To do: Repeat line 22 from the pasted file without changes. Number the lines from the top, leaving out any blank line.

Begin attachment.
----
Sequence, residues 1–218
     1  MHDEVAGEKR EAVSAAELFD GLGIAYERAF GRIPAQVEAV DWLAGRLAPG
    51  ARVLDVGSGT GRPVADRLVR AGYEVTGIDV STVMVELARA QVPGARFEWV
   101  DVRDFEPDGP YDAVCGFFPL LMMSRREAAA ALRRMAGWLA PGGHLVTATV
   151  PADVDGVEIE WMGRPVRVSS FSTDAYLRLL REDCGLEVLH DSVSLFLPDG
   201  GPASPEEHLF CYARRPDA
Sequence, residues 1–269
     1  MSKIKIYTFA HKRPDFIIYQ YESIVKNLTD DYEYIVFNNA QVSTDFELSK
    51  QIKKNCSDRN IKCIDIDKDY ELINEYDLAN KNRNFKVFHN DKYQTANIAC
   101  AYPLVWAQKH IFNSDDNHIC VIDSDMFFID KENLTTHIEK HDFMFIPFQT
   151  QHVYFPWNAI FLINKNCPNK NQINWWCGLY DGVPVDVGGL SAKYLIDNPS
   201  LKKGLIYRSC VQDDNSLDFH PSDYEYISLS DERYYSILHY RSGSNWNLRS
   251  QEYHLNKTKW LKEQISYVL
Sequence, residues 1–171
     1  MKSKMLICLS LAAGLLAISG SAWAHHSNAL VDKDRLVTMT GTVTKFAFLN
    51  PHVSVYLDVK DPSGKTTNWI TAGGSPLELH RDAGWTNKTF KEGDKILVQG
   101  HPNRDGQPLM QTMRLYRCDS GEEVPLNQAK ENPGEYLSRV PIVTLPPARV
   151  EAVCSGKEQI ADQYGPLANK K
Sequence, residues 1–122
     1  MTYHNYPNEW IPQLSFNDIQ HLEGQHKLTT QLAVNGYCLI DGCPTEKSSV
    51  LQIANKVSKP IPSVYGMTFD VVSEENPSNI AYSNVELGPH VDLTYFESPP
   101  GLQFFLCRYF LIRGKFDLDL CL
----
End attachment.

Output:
   101  GLQFFLCRYF LIRGKFDLDL CL